Months of deteriorating relationships between the FBI and major American Muslim organizations came to a head when revelations of a FBI informant posing as a convert in mosques became public in February 2009. The incident, combined with the FBI's disengagement from communications with the Council on American-Islamic Relations (CAIR), has lead several American Muslim advocacy groups to consider a suspension of ongoing outreach with the FBI. The growing tension was raised during a Senate hearing where FBI Director Robert Mueller was questioned about the Bureau's conduct about investigating Muslim organizations.
Alleged FBI Informant at California Mosques
The activities of undercover FBI agents at California mosques were discovered during the February 2009 detention hearing of Ahmadullah Sais Niazi, a naturalized US citizen from Afghanistan, who is charged with making false statements to obtain his citizenship. According to Niazi, he was arrested because he refused to conduct secret spying operations on other worshippers for an FBI agent. Niazi said the agent told him to cooperate or the FBI would make his life a "living hell".
During the detention hearing, Thomas Ropel, an FBI special agent, testified that an informant had gone undercover at Niazi's mosque. It was later learned through media interviews that Craig Monteilh, a California resident with an extensive criminal background, admitted to having been the paid FBI informant. Monteilh, behaving as a recent convert to Islam, reportedly espoused a violent ideology with members of mosques across southern California. He claims to have recorded thousands of hours of conversations "between Muslims in their homes, restaurants and mosques in southern California." The FBI would neither confirm nor deny that Monteilh was used to spy on California mosques.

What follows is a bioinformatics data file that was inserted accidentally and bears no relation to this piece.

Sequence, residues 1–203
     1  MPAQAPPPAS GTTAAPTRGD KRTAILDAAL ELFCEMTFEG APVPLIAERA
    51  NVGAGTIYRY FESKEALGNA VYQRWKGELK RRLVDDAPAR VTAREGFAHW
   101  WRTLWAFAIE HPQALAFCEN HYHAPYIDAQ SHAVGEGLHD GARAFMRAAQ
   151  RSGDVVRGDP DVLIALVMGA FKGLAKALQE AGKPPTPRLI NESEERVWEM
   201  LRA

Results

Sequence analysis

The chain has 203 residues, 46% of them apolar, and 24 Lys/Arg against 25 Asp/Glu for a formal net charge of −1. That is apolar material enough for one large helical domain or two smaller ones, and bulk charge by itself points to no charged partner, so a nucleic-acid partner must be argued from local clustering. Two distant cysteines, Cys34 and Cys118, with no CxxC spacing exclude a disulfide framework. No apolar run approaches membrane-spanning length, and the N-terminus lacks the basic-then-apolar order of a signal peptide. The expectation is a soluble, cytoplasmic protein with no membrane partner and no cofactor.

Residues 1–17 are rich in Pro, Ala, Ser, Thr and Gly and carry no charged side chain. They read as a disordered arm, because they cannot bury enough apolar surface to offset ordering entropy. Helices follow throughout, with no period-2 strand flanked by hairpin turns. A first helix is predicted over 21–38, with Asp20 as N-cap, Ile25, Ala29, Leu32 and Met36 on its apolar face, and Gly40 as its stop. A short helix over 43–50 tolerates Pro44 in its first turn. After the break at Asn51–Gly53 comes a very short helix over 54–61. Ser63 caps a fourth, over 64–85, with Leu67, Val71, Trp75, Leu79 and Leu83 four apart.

Monteilh's spying ended after Niazi and other members of the Islamic Centre of Irvine grew suspicious of him and contacted the authorities asking for a restraining order against him. The FBI then began to investigate Niazi and sought his services as an informant, according to the American Muslim Taskforce on Civil Rights and Elections, which has formally filed a complaint with the FBI. His refusal led to his arrest on immigration issues. Niazi has pleaded not guilty to the charges. The spying has resulted in a "chilling effect" on worshippers at mosques and their donations. Many Muslims have decided to avoid attending public services and several mosques have reported a decline in zakat donations. (More)